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Sorghum grows throughout the world in wide-ranging environments and growing conditions. This high level of variety provides a broad genetic base from which researchers can develop desirable traits quickly and effectively.
“We can look for DNA markers for specific traits within the sorghum species then apply those to breeding and seed development programs without having to borrow them from other plant species,” said Chad Hayes, a sorghum geneticist with the U.S. Department of Agriculture - Agricultural Research Service (USDA-ARS) in Lubbock, Texas.
This ability to use genetics from within the species results in targeted genetic improvements while offering a crop that can enter the marketplace without issues associated with genetically modified organisms (GMOs).
For USDA sorghum research, the emphasis is currently focused on drought- and cold- tolerant varieties. Demand for sorghum this marketing year has led to increased plantings, including in areas of the United States that traditionally haven’t produced much of the crop.
“We are looking into indentifying the DNA markers that contribute to drought tolerance in dry areas and researching the ability of sorghum seed to germinate in cooler conditons for the northern regions,” Hayes said.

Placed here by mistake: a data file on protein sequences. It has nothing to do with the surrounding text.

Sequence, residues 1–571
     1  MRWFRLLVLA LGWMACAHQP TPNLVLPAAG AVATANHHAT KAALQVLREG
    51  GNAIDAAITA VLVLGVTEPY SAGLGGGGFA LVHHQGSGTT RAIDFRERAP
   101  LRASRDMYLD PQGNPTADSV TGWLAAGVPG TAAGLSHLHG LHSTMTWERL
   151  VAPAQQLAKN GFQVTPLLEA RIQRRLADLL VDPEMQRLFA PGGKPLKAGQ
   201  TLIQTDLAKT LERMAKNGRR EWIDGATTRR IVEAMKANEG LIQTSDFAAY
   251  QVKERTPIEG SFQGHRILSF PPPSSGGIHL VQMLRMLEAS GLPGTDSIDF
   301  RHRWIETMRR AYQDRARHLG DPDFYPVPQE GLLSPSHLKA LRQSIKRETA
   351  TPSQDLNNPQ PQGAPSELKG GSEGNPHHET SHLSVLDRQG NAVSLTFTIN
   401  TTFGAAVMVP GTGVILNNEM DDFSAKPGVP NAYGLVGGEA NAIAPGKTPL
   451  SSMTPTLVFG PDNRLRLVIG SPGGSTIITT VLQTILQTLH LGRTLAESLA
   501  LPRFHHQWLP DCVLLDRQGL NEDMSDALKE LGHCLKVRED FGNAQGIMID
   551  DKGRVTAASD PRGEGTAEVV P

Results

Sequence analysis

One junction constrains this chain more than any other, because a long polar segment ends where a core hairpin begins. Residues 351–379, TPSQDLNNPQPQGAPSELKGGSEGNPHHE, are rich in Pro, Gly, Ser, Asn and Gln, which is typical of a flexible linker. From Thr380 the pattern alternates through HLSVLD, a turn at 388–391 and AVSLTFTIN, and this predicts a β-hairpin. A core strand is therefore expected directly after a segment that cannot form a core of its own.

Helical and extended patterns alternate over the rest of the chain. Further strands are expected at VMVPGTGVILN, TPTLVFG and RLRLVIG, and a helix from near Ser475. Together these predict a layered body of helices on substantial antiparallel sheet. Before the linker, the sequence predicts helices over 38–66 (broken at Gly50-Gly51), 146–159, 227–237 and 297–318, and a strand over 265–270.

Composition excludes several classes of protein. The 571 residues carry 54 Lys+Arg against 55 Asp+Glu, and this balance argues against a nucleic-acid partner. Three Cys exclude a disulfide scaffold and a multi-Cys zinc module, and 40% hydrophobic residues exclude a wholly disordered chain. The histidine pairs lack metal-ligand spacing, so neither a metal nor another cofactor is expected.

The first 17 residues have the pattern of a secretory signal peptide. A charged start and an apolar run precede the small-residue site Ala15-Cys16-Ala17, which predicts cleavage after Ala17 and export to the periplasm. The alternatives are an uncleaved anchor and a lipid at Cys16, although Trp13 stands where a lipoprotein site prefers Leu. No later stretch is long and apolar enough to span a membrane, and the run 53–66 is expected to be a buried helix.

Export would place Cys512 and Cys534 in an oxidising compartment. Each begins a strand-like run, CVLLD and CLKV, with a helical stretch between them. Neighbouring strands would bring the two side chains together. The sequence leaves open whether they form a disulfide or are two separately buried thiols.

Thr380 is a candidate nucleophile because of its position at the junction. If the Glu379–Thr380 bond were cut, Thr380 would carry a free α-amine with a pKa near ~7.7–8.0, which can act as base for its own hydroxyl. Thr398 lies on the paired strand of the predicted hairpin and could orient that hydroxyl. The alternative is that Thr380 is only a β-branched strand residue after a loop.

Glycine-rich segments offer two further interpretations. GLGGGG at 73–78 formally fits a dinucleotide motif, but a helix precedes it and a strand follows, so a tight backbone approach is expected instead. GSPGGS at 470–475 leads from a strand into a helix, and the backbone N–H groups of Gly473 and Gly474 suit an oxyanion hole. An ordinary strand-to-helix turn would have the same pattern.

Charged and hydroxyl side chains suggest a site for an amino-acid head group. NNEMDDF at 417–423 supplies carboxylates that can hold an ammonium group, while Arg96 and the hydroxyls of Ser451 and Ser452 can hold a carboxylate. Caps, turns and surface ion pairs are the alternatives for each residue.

The process for developing new drought- and cold-tolerant sorghum is the same that has been applied to other crops.
“We’ve not seen the emphasis to apply the knowledge to sorghum seed programs until recently because seed companies – and to some extent, farmers – did not see the potential for a return on the investment of such technology,” Hayes said.
However, a robust and energized effort by the U.S. sorghum industry, paired with rising demand for sorghum, has shifted the focus and provided support for sorghum improvements to USDA and university researchers.
Disease tolerance is another important consideration for genetic trait selection. The emphasis is toward seed varieties that are tolerant to disease-inducing situations throughout the growing and harvest seasons without impacting the end quality and quantity of the grain.
“We know there is a strong demand for sorghum,” Hayes said. “The unified effort within the sorghum industry is moving forward with technology for U.S. farmers to grow a hardy and high-yielding crop that produces a quality grain demanded by international buyers.”